This was a pilot study to investigate the effects of an on-line coaching process focused specifically on enabling individuals to take charge of their personal/professional development and to have access to tools and resources to enhance their self-directed learning. The focus group was participants from Eindhoven in the Netherlands. This study was carried out by Rachel Arts of Talentstorm, and Dr Yi-Ling Lai of Birkbeck College, University of London and Dr Valerie Anderson of Portsmouth University.
Motivators for engagement with self-development coaching:
Four themes emerged as prime motivators to engage with self-development coaching: Career development, personal development, curiosity and opportunism, however the the most prominent was a commitment to personal development.
‘I didn’t have access to a network here having just been here for about a year. So partly it was my mission to grow in my career, and that’s usually what I would have used my network for’
‘To help me understand where I stand and what I want to do’
‘I’m open minded. Why not? So let’s do it’
Advantages of an external coaching process:
External perspective, knowledge and expertise, non-directive, trust
Trust in the process arose from its non-directive stance, combined with the external nature of the coaching facilitation. These factors provide a safe space for self-awareness and reflection necessary for affective as well as cognitive and behavioural self-development coaching outcomes.
‘It’s good to have an outside view and that gives you a different perspective, like a different lens to look at things through than perhaps I would do on my own naturally or within my environment’
‘I didn’t even know that there are actually ways to improve the way you learn things, which obviously there are, and there are a lot of tools’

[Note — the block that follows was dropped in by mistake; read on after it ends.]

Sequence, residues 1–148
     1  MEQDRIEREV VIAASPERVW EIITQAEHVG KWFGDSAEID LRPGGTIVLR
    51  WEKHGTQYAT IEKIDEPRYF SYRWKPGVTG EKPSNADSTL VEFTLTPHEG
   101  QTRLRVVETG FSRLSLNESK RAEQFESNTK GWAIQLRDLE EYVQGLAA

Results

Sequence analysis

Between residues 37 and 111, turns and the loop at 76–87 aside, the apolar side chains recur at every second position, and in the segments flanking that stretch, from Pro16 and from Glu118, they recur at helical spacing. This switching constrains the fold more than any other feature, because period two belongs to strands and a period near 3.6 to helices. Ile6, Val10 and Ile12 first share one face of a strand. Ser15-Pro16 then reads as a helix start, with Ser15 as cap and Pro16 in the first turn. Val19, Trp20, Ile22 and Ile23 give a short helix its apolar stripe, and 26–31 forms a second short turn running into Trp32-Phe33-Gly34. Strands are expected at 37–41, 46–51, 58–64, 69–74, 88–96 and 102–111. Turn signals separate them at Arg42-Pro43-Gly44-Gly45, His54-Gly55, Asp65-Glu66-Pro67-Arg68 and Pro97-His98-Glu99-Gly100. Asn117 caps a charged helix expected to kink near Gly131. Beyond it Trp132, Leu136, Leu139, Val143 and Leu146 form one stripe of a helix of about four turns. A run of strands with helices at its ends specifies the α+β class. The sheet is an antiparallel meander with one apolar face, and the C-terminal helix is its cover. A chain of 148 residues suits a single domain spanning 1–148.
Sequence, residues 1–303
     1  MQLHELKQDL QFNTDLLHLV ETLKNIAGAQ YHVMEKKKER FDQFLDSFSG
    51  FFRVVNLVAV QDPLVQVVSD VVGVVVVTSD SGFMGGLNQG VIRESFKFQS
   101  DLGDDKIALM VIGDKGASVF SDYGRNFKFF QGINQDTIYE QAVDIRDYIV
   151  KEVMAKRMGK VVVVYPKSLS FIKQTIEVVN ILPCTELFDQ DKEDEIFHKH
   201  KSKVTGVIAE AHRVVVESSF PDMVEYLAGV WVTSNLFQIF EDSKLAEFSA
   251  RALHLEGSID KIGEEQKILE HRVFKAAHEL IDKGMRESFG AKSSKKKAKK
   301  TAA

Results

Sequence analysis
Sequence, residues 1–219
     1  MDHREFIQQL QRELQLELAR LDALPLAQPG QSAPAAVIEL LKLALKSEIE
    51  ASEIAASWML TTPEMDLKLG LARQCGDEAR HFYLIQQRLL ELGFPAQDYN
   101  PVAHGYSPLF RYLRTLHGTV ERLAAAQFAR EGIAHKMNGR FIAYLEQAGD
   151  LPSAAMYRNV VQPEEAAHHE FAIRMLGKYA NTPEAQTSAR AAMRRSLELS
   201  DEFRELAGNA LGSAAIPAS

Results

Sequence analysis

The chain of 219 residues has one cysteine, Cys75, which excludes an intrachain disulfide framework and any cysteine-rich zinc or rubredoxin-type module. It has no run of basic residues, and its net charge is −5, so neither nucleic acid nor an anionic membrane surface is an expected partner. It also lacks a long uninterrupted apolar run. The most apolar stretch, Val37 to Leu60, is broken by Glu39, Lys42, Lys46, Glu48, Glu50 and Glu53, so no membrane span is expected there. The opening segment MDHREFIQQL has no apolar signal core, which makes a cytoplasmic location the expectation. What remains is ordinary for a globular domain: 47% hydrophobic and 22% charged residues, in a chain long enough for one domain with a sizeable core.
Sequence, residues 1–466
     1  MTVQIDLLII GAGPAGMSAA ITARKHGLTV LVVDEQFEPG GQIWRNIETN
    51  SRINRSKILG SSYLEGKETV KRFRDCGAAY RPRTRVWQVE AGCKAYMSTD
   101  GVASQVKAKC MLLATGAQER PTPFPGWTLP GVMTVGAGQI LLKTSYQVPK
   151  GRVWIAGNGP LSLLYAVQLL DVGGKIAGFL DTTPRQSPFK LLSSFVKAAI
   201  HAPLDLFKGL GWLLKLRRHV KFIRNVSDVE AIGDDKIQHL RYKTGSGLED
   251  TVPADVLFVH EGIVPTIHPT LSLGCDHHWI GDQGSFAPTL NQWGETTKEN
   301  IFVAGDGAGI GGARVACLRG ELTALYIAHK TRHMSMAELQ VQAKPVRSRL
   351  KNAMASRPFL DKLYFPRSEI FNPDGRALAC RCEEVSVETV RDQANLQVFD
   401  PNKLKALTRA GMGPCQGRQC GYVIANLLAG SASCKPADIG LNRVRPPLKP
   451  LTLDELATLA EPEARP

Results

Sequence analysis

‘She put me into a position that I should work with myself and understand myself…in the end that was much wiser than giving me a solution on a plate’
How coaching can affect participants’ self-development practices
Participants reflected that the self-development coaching process enabled them to recognize opportunities for implicit as well as explicit learning and forms of self-development.
The coaching process stimulated cognitive, affective and behavioural responses that enable participants to make sense of incidents from their past, reflect on their personal transition process, and further articulate a sense of their ‘future self’.
‘It was helpful to me to have a conversation, and that’s what’s nice about coaching, see what’s going on, unconsciously blocking you or consciously you want to achieve but you don’t even realise you want to achieve and verbalise it’
‘I remember the way she described the learning journey. That really opened my eyes and I thought, oh I never thought, it is like this and it works’
Conclusion & Recommendations
This pilot study suggests that self-development coaching provides a safe space for self-awareness and reflection as a basis for interactive processes to support participants’ affective, behavioural and cognitive development. This area, however, is under-researched and under-theorised.
The study sample included a significant proportion of expatriate workers, indicating the value of self-development coaching as a ‘stigma-free’ intervention, for professionals in expatriate contexts who face specific personal and professional challenges.
A number of areas for future research were identified by this study.
We are grateful to UFHRD (University Forum for Human Resource Development) for the honorarium to support this project.
To read the full Report including recommendations for future studies click here.
To find out more about our Self-development coaching offer click here.